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**Answer the following question based on the information given below.**

Mathematicians are assigned a number called Erdös number, (named after the famous mathematician, Paul Erdös). Only Paul Erdös himself has an Erdös number of zero. Any mathematician who has written a research paper with Erdös has an Erdös number of 1. For other mathematicians, the calculation of his/her Erdös number is illustrated below:

Suppose that a mathematician X has co-authored papers with several other mathematicians. From among them, mathematician Y has the smallest Erdös number. Let the Erdös number of Y be y. Then X has an Erdös number of y + 1. Hence any mathematician with no co-authorship chain connected to Erdös has an Erdös number of infinity.

- In a seven day long mini-conference organized in memory of Paul Erdös, a close group of eight mathematicians, call them A, B, C, D, E, F, G and H, discussed some research problems. At the beginning of the conference, A was the only participant who had an infinite Erdös number. Nobody had an Erdös number less than that of F.
- On the third day of the conference F co-authored a paper jointly with A and C. This reduced the average Erdös number of the group of eight mathematicians to 3. The Erdös numbers of B, D, E, G and H remained unchanged with the writing of this paper. Further, no other co-authorship among any three members would have reduced the average Erdös number of the group of eight to as low as 3.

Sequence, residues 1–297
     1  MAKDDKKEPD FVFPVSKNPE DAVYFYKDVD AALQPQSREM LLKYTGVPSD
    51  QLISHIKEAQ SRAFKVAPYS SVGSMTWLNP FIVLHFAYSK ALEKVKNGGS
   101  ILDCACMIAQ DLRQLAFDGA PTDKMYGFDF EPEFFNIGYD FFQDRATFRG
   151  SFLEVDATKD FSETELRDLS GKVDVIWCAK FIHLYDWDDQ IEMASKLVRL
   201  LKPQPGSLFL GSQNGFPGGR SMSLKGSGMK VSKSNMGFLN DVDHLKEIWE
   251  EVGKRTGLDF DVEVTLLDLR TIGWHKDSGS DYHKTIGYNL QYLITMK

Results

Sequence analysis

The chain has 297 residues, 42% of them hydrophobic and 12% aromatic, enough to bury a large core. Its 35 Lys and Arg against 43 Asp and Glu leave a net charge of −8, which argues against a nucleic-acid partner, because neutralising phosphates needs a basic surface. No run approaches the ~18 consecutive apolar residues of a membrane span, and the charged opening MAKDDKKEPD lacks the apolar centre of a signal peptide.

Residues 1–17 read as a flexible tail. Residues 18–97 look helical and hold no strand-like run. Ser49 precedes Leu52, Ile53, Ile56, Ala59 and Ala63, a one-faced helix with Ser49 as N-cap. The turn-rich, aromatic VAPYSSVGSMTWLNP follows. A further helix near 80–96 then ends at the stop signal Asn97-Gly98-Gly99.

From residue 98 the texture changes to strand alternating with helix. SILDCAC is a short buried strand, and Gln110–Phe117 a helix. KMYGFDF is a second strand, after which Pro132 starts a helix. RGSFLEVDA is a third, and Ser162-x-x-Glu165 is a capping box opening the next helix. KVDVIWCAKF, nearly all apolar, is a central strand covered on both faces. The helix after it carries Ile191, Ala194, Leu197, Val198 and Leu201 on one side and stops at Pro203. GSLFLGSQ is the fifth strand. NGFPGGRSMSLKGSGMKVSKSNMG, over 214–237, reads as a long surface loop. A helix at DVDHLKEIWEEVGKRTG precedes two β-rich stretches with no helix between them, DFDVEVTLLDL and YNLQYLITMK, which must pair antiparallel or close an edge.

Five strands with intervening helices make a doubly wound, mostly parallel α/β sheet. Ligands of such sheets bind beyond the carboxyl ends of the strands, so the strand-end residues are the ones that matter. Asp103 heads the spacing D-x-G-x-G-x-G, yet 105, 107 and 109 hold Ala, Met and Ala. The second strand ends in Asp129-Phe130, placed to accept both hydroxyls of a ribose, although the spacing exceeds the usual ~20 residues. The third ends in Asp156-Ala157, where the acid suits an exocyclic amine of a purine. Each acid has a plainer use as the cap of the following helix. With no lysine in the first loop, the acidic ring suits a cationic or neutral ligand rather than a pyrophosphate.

- At the end of the third day, five members of this group had identical Erdös numbers while the other three had Erdös numbers distinct from each other.
- On the fifth day, E co-authored a paper with F which reduced the group‘s average Erdös number by 0.5. The Erdös numbers of the remaining six were unchanged with the writing of this paper.
- No other paper was written during the conference.

**6. CAT 2006 LRDI | LR - Mathematical Reasoning**

The person having the largest Erdös number at the end of the conference must have had Erdös number (at that time):

- A.
5

- B.
7

- C.
9

- D.
14

- E.
15

Answer: Option B

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**Explanation** :

Let F and E have Erdös numbers f and e respectively at the beginning of the conference.

On the third day, A’s and C’s Erdös numbers become (f + 1)

The sum of Erdös numbers changed to 8 × 3 = 24

At the end of the third day, five members had identical Erdös numbers while the other three had distinct ones.

On the fifth day, E’s Erdös numbers became f + 1 and this reduced the group’s average by 0.5. This means that E’s Erdös numbers was not f + 1 on the third day.

Thus we have,

At the end of the third day, 5(f + 1) + f + e + y = 24